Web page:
IF YOU’VE EVER wanted to spend the weekend in a lighthouse, castle or tower, then the Irish Landmark Trust has you covered.
Since 1992, the trust has been renovating and renting out some of Ireland’s most historically significant smaller buildings, but now funding cutbacks are threatening their ability to preserve some of Ireland’s most significant smaller buildings.
The Irish Landmark Trust is a not-for-profit organisation and a registered charity, and the need for it to find new funding sources is now extremely pressing.
In recent years funding support from the Heritage Council’s Building at Risk funds alongside local authority Conservation Grants have evaporated entirely. The main stipend provided by the Heritage Council has also reduced by 30 per cent.
“Historically, our grant funding would have made up 60-70 per cent of the total cost of the conservation projects”, Diana Molohan of the Landmark Trust told TheJournal.ie.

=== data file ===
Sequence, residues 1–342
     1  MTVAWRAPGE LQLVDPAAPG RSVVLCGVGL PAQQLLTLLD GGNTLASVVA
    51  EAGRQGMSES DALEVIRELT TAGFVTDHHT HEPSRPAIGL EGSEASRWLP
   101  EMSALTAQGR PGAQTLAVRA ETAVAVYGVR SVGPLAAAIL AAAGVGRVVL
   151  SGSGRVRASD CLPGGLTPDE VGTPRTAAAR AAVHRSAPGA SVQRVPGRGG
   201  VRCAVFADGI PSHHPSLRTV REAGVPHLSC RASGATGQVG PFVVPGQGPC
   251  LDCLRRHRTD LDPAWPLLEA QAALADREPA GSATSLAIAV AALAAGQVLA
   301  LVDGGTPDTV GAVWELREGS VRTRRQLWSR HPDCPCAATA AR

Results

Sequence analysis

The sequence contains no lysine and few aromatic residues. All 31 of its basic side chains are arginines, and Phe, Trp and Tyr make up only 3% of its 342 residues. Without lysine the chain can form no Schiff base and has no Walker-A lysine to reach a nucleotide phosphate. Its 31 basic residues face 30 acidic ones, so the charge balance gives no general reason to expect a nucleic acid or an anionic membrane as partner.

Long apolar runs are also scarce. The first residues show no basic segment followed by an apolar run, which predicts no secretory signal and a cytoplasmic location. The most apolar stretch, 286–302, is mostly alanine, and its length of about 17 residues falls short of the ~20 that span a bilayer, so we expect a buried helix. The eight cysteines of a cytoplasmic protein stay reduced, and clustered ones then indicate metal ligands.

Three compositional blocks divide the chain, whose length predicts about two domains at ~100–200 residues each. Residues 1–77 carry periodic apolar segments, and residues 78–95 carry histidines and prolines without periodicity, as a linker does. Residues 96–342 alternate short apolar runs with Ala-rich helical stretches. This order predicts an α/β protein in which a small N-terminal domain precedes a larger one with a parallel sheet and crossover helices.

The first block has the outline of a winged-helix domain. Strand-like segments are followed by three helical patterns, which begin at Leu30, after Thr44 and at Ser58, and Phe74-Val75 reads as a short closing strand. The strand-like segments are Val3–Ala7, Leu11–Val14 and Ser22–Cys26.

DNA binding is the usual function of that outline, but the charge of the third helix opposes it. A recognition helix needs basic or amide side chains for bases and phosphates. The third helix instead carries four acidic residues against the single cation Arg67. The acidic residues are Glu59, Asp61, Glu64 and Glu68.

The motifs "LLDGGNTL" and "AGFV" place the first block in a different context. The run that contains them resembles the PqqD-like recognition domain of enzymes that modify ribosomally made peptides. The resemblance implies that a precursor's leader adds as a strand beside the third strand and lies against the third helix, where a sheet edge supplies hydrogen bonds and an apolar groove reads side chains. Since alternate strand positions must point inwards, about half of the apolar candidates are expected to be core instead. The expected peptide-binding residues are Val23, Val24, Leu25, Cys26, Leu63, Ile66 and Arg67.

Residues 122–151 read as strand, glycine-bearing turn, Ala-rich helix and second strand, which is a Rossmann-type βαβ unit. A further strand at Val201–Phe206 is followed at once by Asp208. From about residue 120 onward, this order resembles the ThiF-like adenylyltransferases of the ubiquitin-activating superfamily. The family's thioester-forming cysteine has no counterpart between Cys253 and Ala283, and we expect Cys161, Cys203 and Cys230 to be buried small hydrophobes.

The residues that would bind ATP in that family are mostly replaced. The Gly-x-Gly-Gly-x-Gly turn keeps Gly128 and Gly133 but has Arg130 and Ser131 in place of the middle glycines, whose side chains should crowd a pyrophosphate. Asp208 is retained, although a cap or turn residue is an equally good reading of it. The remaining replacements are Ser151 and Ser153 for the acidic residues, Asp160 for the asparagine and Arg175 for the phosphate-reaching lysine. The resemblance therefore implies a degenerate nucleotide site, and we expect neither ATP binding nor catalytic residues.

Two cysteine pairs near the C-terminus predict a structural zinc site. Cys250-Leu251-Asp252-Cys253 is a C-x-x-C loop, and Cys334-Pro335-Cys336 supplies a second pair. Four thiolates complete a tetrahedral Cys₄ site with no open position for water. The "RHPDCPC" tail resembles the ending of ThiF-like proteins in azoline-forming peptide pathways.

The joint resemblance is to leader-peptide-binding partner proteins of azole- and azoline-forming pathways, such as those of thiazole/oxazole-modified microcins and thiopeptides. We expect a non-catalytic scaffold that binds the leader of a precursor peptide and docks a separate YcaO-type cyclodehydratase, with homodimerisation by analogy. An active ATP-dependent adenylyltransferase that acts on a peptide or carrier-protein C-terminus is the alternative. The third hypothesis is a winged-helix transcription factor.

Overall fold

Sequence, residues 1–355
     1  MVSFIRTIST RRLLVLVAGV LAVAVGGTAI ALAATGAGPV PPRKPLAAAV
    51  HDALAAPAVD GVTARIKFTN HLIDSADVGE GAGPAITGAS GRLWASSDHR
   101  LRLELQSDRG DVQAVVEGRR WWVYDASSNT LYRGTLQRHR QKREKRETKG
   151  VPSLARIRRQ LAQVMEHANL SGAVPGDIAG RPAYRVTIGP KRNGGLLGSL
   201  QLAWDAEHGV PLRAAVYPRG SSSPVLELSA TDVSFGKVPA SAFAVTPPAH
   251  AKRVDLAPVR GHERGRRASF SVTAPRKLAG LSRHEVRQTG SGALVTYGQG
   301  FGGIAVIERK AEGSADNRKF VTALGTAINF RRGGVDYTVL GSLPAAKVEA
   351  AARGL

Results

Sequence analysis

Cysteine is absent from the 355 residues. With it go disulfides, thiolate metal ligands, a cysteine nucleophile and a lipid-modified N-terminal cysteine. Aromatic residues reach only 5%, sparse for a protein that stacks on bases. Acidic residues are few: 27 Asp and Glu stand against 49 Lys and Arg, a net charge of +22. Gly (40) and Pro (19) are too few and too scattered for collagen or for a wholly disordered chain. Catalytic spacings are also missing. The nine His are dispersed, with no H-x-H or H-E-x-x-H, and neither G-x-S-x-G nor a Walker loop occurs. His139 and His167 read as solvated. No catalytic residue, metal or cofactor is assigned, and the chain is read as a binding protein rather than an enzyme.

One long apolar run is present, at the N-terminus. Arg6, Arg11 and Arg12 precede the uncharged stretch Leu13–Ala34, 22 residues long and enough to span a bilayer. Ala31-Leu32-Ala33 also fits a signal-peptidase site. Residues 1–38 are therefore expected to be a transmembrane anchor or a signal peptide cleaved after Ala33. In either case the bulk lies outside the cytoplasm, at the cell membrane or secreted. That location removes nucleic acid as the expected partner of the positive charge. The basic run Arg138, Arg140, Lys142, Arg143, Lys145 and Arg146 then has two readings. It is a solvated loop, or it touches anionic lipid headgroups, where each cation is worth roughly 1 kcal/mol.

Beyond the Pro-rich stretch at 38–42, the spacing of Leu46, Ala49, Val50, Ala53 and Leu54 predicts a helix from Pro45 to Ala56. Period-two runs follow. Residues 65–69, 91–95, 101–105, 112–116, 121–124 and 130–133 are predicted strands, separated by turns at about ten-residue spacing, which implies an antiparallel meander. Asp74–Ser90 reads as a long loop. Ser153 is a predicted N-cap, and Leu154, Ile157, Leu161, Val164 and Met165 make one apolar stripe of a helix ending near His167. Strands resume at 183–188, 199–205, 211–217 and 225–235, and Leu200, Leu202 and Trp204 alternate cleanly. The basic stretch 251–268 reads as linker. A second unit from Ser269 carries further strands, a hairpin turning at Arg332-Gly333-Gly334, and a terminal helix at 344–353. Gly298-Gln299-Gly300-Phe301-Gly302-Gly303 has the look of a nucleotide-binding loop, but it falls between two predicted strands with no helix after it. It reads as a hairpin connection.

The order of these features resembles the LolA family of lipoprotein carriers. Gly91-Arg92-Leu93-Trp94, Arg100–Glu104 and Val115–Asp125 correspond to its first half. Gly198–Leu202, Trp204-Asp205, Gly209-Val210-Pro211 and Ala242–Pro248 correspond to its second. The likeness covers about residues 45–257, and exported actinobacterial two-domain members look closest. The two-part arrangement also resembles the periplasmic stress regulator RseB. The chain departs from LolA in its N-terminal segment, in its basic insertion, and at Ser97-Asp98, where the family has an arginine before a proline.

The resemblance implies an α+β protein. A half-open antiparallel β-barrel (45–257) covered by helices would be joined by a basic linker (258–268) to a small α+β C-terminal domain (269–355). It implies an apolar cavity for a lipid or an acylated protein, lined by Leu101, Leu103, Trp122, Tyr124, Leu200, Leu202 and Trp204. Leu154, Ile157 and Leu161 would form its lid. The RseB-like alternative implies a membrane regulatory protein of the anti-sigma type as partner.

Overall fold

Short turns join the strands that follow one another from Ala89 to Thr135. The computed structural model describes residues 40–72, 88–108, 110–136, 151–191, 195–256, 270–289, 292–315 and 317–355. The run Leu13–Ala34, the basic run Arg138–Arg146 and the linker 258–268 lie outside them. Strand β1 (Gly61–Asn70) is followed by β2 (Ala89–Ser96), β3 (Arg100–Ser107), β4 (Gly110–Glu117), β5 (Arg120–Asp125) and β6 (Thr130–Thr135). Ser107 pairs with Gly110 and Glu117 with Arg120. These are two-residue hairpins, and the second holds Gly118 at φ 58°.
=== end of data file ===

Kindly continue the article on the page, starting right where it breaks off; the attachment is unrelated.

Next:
While the funding for projects has all but disappeared, The Irish Landmark trust says that without the core operational funding supplied by the Heritage Council t could not have survived the recent difficult years.
While the organisation’s ability to maintain its current portfolio is not in doubt, funding shortfalls mean that the Trust has had to down tools at sites, including Goggin Cottage in County Limerick.
“We started Goggin Cottage five years ago, and we managed to get it re-thatched and re-rendered, but because in the last four years all our grant aid has been stripped, we’ve had to walk off site.”
The trust hopes to return to the site once its funding situation improves.
What started as a brainwave in founder Terry Kelly’s sitting room has blossomed, and the trust now rents out 25 properties, both north and south of the border.
Many have colourful histories, like Russborough House, which used to be the part time residence of aristocratic pair Lord and Lady Beit. Most of the year, they just used it to store their art collection.